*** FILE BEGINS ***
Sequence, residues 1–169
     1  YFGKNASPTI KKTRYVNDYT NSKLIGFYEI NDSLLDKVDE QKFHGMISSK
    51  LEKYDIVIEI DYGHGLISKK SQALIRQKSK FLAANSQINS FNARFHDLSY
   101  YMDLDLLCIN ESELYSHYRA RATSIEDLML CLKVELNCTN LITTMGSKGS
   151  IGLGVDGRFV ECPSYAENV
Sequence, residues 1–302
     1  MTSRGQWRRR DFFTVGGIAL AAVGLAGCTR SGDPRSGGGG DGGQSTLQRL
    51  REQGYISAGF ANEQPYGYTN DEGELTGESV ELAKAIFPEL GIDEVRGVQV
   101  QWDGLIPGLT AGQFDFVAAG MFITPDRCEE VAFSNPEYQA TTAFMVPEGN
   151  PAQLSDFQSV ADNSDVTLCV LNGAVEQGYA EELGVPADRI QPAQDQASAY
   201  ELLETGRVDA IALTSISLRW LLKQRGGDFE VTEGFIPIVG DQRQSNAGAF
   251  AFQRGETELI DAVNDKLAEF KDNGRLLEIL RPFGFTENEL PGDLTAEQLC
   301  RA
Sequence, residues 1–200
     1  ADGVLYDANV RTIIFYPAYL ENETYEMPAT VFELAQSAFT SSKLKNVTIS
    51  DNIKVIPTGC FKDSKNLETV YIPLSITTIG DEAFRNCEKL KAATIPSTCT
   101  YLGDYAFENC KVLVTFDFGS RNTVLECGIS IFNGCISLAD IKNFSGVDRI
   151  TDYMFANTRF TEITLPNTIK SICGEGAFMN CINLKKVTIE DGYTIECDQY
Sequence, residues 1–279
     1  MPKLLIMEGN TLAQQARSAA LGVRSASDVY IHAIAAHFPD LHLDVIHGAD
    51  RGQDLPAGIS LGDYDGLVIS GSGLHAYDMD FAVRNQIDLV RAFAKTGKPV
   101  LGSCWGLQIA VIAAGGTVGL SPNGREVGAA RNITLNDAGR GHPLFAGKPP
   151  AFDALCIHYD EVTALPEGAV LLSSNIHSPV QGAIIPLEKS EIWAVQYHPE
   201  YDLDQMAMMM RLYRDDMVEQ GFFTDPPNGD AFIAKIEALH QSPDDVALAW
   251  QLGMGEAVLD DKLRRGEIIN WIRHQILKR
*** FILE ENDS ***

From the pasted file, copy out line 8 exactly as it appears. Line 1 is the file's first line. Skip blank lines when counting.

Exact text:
    51  REQGYISAGF ANEQPYGYTN DEGELTGESV ELAKAIFPEL GIDEVRGVQV